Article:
Childhood Disintegrative Disorder is characterized by the same symptoms as autism. However, with this disorder children seem to develop normally until about 2 years of age. Then they begin to lose many of the skills that had developed up to that time. They typically stop talking and playing normally as autistic behaviors appear.

Rett syndrome usually occurs in girls. The disorder was named for Dr. Andreas Rett, who described a group of girls who developed normally in early childhood but then lost all of their acquired skills. These skills included the use of their hands. The cause of Rett syndrome is now known to be an abnormal gene on the X chromosome.

There are other disorders that resemble autism. But children with these disorders lack all of the symptoms necessary for autism to be diagnosed. In these cases, the diagnosis of Pervasive Developmental Disorder-Not Otherwise Specified is often made. This means that the person has an autism spectrum disorder. But the condition is different in some way from the other disorders described above.

How Common Is Autism?


Autism is probably more common than was once believed. Early studies suggested that five children out of 10,000 had the disorder. More recent studies suggest that as many as two out of every 1,000 children have a pervasive developmental disorder. The newer figure may reflect better recognition of milder cases.

Boys are four to five times more likely than girls to have a pervasive developmental disorder. Rett syndrome is the exception. It occurs in about one in 10,000 to one in 15,000 female children.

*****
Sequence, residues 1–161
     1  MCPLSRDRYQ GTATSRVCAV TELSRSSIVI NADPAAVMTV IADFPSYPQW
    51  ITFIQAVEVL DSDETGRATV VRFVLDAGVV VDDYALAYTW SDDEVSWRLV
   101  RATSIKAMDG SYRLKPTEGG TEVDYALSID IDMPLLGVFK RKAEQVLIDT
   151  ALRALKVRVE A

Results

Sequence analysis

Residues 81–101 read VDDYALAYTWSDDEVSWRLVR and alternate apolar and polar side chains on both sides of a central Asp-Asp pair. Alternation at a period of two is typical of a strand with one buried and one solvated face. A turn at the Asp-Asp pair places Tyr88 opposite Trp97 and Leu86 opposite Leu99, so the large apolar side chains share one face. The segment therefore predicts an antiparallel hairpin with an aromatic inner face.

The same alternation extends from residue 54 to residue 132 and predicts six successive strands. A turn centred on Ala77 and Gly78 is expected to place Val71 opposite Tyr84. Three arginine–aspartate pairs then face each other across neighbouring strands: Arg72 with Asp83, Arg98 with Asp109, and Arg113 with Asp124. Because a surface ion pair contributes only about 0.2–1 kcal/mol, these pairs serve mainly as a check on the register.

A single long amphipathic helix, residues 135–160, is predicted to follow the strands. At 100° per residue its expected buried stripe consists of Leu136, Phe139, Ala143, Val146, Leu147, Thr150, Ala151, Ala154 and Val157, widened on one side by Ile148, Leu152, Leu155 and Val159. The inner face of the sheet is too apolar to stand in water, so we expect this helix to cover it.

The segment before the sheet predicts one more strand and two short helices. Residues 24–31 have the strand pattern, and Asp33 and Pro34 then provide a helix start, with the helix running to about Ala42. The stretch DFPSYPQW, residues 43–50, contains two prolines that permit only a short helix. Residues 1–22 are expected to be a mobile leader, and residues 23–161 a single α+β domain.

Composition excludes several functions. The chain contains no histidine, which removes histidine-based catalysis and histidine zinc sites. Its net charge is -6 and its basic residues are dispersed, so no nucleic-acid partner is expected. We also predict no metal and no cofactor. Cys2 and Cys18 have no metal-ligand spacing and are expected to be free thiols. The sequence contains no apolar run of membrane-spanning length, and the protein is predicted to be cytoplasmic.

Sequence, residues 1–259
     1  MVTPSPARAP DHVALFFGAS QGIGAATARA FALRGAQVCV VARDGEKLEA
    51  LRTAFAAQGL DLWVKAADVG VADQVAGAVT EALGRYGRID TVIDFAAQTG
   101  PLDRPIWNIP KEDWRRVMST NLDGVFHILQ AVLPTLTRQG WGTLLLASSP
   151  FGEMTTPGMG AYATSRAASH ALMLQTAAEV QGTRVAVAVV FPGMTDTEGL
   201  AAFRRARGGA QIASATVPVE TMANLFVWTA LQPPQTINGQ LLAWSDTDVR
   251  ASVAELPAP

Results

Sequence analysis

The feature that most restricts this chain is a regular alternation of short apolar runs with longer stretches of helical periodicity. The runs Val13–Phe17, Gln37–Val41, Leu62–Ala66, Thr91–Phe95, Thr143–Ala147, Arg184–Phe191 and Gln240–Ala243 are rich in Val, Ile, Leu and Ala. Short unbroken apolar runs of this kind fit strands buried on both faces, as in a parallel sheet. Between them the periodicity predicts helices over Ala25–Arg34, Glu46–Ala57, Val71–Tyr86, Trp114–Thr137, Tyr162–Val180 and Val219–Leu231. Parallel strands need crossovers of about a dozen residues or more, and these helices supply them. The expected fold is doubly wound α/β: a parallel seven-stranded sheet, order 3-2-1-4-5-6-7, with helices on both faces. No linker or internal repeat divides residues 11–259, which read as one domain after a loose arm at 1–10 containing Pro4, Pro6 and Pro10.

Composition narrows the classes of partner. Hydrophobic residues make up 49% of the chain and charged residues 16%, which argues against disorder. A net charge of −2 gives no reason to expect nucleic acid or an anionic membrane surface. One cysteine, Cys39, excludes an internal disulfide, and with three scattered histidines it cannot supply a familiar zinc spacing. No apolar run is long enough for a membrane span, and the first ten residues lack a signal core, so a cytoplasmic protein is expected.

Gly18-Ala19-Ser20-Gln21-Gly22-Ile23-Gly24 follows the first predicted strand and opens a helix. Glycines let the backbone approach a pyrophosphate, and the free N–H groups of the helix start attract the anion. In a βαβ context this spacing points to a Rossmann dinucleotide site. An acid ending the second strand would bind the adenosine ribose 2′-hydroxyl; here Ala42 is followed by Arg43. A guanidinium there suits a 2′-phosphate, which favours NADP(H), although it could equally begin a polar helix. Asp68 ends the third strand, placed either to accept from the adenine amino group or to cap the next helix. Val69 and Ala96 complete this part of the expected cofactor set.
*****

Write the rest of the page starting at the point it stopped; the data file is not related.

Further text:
Causes and Treatment

Genes may be partially responsible for autism. They appear to have a role because autism can run in families. With identical twins, if one has autism, the other has a 50 percent chance of having it. Because the likelihood is not 100 percent, environmental factors may also play a role.

Autism is also associated with other neurological conditions. These include mental retardation and epilepsy. A link between autism and mercury in certain childhood vaccines has been suspected. According to a 2004 study by the Institute of Medicine, available evidence did not support such a link.

There are no specific cures for autism. But early and intensive behavioral therapy seems to be helpful. Different strategies are used. At school, children with autism may have special aides to help them with tasks that are especially challenging. There are therapies designed to help with speech and language, behavior, and physical skills. All these therapies may contribute to a child's treatment. But appropriate therapies may be hard to find. And they may not qualify for insurance coverage. In some situations, medication can be helpful.

People with Autism Have Strengths

People with autism share problems with language and social skills. But it is important to remember that every person with autism is unique. It makes no more sense to say that all tall people are alike than it does to suggest the same for people with autism. Some children with autism are talented artists. Some are amazing mathematicians. And some have exceptional memory. Like everyone, people with autism are relatives, neighbors, and friends.

—Bryan H. King, M.D.